For 16S amplicons, reverse reads were low quality (this is common for this gene region), so only forward reads were used. Sequences were truncated to 277 base pairs, and denoising was performed separately on each run, resulting in 22,176,127 total sequences (an average of 129,857 sequences per sample), and 13,978 unique ASVs across 183 samples (an average of 1,579 ASV’s per sample). One sample, TE3.2, was removed at the denoising step due to low sequence count. Feature tables and representative sequence files from each of the four runs were merged, and a denovo phylogenetic tree was made using the align-to-tree-mafft-fastree pipeline. Reads from the V4-V5 hypervariable region were extracted from the SILVA ver. 132 database , and a feature classifier was trained on that gene region. Taxonomy was assigned at 99% similarity using the SILVA ver. 132 QIIME2 release. Following taxonomy assignment, sequences and feature tables were filtered to remove mitochondrial and chloroplast sequences, as well as sequences that were unassigned at the domain level.
For 18S amplicons, forward and reverse reads were trimmed to 144 bp and denoised, resulting in 11,430,013 total sequences (average of 36,859 sequences per sample) amounting to 70,836 unique ASVs across 183 samples (average of 407 ASVs per sample). One sample (noted as M.3 in the S1 Data) was removed during denoising due to low sequence count. Phylogenetic trees and feature classification were performed in a similar manner as the 16S analyses, this time using a feature classifier trained on the V9 hypervariable region of the 18S gene. Taxonomy was assigned at 99% similarity, and sequences and feature tables were filtered to remove plants and unassigned sequences at the domain level.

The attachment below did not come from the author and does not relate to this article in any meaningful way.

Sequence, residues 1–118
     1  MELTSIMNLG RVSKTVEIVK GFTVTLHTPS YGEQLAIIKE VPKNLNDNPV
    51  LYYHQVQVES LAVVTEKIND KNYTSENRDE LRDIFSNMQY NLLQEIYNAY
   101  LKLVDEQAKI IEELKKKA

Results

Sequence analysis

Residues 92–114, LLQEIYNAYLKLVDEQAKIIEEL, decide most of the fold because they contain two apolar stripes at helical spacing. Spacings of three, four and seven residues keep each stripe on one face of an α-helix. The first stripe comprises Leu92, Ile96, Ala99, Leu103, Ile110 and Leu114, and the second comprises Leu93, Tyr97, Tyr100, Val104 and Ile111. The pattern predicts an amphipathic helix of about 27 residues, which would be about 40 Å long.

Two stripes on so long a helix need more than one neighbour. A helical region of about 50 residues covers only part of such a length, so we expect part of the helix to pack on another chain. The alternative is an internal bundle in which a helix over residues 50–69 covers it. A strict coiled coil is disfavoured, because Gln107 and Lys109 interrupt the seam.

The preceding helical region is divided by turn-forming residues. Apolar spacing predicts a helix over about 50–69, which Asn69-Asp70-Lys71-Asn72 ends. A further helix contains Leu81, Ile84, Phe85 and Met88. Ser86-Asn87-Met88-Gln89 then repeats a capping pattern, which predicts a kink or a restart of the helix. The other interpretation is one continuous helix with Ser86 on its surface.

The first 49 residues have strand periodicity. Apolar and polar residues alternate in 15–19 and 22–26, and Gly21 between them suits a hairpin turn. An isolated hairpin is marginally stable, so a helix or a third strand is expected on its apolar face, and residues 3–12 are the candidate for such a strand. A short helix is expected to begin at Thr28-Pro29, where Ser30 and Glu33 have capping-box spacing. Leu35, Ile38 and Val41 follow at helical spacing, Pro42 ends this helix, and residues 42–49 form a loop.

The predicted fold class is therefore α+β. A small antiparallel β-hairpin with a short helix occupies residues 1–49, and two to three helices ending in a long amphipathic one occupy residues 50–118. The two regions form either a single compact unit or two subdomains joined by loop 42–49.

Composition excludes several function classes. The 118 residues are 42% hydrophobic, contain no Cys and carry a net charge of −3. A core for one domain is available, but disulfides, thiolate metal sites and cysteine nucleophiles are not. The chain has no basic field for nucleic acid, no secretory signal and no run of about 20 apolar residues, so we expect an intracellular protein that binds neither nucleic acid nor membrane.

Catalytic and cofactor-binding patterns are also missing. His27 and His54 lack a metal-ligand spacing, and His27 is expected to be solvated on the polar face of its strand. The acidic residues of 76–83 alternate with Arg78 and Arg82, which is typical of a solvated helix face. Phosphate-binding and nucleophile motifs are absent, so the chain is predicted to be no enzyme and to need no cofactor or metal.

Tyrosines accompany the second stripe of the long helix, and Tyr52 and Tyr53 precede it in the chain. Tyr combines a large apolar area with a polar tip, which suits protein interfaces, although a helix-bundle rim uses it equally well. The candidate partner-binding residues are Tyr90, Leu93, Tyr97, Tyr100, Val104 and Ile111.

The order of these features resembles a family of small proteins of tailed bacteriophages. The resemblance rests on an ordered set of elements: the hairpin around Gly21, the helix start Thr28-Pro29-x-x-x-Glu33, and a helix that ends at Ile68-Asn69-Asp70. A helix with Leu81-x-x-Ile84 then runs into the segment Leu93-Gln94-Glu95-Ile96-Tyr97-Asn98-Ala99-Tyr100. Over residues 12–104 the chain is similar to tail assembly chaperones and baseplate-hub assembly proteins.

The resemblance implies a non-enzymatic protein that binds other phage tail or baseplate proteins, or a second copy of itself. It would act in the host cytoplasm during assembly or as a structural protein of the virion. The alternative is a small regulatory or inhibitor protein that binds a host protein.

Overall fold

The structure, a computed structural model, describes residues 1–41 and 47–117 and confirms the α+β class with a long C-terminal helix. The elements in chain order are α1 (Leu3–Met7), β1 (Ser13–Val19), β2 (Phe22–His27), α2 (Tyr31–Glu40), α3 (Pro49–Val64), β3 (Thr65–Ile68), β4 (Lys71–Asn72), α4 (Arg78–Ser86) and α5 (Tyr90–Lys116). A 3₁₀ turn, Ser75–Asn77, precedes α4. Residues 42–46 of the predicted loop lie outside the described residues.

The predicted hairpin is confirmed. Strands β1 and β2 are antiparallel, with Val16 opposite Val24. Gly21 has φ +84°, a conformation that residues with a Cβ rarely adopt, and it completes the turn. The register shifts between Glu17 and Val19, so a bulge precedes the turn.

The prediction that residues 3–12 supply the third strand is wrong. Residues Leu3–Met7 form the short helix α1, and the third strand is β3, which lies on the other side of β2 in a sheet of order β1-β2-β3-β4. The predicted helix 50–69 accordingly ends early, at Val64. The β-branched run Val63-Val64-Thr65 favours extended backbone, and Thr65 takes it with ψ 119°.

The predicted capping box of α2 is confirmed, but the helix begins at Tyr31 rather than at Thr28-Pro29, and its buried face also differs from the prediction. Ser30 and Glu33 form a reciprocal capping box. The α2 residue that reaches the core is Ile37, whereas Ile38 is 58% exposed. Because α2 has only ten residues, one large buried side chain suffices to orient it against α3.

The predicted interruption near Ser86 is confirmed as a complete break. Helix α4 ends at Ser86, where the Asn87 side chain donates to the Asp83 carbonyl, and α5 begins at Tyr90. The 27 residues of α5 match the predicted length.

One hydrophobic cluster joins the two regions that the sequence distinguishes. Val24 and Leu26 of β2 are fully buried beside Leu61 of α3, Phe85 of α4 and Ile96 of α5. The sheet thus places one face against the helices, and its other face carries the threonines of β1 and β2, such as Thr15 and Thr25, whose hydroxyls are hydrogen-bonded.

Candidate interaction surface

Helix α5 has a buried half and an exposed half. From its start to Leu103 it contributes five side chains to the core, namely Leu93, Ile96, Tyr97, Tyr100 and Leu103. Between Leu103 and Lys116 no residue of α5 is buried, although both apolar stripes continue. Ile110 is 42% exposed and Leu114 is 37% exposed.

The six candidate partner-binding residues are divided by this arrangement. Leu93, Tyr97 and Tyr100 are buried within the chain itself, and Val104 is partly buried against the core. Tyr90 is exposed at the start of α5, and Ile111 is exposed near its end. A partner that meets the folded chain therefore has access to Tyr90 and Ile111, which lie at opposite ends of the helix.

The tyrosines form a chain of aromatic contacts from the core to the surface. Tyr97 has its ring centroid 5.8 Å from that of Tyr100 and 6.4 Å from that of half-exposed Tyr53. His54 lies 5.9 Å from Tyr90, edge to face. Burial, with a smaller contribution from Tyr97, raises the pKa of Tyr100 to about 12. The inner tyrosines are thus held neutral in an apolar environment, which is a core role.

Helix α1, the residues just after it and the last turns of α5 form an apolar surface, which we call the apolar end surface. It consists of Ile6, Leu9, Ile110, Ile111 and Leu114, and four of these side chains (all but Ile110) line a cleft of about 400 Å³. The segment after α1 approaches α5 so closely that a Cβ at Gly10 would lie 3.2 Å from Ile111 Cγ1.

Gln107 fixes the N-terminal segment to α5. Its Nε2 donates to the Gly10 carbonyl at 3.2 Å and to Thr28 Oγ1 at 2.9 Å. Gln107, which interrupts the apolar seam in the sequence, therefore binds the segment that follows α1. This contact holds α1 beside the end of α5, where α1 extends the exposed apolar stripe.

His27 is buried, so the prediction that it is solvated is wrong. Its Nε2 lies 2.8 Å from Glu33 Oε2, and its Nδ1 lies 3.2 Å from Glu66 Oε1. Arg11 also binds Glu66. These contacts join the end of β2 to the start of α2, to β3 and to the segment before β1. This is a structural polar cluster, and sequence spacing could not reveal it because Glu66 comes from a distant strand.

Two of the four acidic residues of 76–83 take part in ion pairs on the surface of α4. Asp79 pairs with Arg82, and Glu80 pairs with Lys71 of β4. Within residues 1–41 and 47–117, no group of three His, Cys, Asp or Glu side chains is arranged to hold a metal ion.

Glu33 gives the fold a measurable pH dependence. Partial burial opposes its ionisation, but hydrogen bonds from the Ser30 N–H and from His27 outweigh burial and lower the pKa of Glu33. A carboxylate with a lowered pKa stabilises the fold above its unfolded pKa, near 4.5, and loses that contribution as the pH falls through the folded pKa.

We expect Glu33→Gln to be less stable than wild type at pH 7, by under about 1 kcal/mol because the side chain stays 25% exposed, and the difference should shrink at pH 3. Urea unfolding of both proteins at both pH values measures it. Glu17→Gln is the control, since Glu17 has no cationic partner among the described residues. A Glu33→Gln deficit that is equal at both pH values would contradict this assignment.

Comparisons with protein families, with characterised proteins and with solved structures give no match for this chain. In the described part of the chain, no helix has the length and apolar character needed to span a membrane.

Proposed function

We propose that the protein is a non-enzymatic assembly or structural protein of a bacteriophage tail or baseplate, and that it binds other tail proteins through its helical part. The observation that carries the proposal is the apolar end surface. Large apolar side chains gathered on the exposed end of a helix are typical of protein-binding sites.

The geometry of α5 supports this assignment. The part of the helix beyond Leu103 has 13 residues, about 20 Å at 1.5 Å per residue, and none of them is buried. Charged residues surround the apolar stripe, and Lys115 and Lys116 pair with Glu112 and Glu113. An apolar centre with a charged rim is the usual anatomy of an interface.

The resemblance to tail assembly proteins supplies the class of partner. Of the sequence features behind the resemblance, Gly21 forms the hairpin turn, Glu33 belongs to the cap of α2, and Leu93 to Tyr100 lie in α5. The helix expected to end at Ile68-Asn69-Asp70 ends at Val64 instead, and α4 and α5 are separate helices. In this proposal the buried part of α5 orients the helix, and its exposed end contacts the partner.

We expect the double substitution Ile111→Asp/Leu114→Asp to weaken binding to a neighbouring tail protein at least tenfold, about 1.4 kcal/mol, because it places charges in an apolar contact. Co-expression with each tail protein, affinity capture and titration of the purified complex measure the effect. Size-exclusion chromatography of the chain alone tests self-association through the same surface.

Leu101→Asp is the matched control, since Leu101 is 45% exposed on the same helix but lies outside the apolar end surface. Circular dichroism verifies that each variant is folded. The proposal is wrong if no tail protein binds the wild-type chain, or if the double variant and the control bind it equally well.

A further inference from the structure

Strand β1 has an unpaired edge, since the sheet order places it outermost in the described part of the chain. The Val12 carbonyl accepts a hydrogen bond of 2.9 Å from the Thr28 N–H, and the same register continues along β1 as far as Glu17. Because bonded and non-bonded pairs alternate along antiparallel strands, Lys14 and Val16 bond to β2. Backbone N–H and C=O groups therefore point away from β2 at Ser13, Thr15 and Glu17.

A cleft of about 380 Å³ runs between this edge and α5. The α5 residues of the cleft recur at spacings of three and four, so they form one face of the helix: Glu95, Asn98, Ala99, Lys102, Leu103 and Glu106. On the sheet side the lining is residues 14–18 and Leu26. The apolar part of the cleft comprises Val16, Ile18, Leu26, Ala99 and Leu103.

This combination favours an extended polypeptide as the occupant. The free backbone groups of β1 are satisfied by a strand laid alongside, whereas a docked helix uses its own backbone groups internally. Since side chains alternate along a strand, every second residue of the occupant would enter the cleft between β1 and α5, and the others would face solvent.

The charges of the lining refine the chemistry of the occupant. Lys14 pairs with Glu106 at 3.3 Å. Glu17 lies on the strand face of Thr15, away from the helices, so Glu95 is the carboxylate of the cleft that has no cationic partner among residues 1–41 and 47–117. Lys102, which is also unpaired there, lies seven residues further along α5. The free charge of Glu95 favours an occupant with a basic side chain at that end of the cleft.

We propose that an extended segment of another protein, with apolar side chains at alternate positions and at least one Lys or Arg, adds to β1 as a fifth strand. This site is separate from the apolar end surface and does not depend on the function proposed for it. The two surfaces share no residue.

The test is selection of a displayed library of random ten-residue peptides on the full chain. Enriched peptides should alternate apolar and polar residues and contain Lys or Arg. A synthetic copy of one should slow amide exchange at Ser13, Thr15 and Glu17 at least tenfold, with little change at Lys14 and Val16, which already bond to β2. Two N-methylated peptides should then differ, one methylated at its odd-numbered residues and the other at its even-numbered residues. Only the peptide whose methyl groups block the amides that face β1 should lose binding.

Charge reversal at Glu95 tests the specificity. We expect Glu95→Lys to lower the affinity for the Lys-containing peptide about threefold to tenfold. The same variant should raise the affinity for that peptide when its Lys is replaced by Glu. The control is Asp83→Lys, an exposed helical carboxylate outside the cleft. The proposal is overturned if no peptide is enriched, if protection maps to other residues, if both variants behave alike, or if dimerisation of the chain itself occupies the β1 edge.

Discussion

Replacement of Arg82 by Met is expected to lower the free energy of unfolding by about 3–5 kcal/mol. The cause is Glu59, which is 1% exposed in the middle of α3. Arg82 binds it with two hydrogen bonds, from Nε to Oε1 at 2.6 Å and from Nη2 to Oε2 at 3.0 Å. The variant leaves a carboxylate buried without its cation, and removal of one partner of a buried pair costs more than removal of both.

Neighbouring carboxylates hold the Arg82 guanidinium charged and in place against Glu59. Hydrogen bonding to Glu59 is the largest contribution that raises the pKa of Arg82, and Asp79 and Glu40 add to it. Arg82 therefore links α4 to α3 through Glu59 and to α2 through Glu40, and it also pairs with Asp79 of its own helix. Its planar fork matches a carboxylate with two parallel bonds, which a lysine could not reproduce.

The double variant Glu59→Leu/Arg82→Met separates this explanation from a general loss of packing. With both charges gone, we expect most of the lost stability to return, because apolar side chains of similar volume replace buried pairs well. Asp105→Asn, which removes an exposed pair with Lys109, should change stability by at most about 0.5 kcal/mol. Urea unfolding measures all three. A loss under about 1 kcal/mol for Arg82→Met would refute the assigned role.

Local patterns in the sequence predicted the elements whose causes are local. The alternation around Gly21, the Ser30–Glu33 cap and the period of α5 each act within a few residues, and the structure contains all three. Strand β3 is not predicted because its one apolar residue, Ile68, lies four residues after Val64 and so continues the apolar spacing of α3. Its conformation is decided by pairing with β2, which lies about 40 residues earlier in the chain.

We measured 35 soil variables to characterize the soil physicochemical environment (S1 File). Soil analyses were performed by the University of Massachusetts Plant and Nutrient Testing Laboratory, using standard protocols. Macro and micronutrient concentrations were determined using the Modified Morgan extraction procedure . Cation exchange capacity was determined using hydrochloric acid cation displacement method , and base saturation of calcium, magnesium, and potassium was determined using atomic absorption spectrometry. Soil organic matter was determined through loss on ignition at 360° C.
Denitrification potential was measured at the Cary Institute of Ecosystem Studies using the denitrification enzyme assay method . This method adds an abundance of carbon and nitrate to each sample in an oxygen free container, and uses an acetylene inhibitor to prevent reduction of N2O to N2. The amount of N2O produced is proportional to the amount of denitrification enzyme present. Potential methane emissions were measured following ten-day soil incubations, and were quantified using a Shimadzu GC-8 gas chromatograph with a flame ionization detector. Detailed methods for all soil variables are available in S1 File.
QIIME2 feature tables, representative sequences, taxonomy tables, and phylogenetic trees were imported into R (v. 1.2.1335, R Core Team 2020) using the qiime2R package . Following conversion to phyloseq objects, we removed samples with less than 1000 sequences, which dropped 14 additional samples from the prokaryote dataset and no additional samples from the microeukaryote dataset.